The table below shows the ratio of the percent of net 2017 flows captured to market share as of December 31, 2016, along with the asset-weighted expense ratio (as of December 29, 2017).
The logical conclusion is that U.S. investors are building portfolios with a handful of cheap, broad, vanilla ETFs. Pretty much everything else is losing market share, except for cash equivalents.
New Year Celebration
U.S. investors have plenty to celebrate, as do top-asset-gatherer issuers BlackRock, Vanguard, SSGA and Charles Schwab, who jointly took in 87% of 2017 ETF net flows. This symbiotic relationship serves both well—investors get cheap, easy-to-understand, manageable portfolios, while the asset managers run a volume business that can scale, supporting low margins.
One wonders what will become of the mutual fund managers and purveyors of complex, expensive ETF strategies. Will they continue to launch new ETFs, buoyed by one-off success stories of tactical funds like the VanEck Vectors J.P. Morgan EM Local Currency Bond ETF (EMLC), and the ROBO Global Robotics and Automation Index ETF (ROBO)? Will the sizable inflows to actively managed equity ETFs like the First Trust North American Energy Infrastructure Fund (EMLP) encourage more of the old-line active mutual fund providers to give the ETF space a try? Will the dollars flowing to the iShares Edge MSCI USA Momentum Factor ETF (MTUM) and the Goldman Sachs ActiveBeta U.S. Large Cap Equity ETF (GSLC) convince asset managers to continue to support strategic-beta strategies?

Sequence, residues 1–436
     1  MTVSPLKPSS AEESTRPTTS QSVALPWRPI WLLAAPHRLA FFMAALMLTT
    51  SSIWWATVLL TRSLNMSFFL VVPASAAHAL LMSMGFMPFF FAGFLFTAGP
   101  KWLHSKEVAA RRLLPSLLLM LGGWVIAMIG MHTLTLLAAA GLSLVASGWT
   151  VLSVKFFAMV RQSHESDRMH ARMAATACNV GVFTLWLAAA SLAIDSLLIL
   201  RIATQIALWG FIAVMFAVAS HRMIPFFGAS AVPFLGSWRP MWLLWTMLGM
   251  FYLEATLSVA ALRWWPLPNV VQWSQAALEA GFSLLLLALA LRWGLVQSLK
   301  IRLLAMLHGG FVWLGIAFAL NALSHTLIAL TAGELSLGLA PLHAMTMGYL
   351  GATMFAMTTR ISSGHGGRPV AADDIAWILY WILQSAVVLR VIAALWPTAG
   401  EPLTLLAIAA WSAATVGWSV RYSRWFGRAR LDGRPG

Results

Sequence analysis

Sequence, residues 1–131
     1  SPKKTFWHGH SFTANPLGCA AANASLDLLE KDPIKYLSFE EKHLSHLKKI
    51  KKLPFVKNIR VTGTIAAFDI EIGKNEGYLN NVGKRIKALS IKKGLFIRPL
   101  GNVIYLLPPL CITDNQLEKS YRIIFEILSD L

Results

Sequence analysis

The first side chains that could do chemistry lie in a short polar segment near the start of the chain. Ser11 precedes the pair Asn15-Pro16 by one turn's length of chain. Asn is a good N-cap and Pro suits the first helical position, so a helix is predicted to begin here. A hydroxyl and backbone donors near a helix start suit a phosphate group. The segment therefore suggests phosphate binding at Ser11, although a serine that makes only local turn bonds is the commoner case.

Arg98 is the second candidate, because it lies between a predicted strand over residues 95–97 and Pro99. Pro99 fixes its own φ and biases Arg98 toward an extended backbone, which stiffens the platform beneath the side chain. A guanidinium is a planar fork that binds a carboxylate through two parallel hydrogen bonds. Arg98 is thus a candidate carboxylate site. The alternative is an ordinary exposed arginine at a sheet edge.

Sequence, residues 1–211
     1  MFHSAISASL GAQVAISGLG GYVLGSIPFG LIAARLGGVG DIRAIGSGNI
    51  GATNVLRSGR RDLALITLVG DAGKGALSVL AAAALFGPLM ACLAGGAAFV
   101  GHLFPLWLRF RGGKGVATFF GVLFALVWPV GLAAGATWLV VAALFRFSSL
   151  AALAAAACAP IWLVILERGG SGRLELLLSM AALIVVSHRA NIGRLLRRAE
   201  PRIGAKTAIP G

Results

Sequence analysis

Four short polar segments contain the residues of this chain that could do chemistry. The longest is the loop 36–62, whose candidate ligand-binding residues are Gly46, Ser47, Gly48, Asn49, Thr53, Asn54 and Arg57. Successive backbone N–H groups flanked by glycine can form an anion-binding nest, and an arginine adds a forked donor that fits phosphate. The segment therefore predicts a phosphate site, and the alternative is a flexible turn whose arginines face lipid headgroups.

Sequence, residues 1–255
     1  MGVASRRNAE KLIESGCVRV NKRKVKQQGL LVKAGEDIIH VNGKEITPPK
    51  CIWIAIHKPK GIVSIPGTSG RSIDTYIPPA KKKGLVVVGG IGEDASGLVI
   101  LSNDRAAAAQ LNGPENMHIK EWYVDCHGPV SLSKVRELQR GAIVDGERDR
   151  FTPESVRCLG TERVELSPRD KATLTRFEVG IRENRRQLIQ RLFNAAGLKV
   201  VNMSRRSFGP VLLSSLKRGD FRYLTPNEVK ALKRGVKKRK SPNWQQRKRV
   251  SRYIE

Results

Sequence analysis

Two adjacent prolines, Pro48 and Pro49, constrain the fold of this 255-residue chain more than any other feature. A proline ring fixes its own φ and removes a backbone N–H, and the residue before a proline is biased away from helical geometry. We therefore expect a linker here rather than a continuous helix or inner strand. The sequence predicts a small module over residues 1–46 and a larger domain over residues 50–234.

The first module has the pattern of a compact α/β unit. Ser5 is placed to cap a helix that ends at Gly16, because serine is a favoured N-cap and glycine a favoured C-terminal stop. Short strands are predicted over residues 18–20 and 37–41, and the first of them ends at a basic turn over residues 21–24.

Perhaps some will make the leap, hoping to beat the odds laid down by the cheap, simple, core strategies that dominated 2017. Others might decide that a small ETF footprint is better than none, and take the plunge. But sooner or later, all must compete against the simple, core, passive strategies that cost practically nothing, or move on to solve different kinds of financial problems. Anyone want to take on the savings rate?
At the time of writing, the author held no positions in the securities mentioned. Elisabeth Kashner is director of ETF research and analytics for FactSet.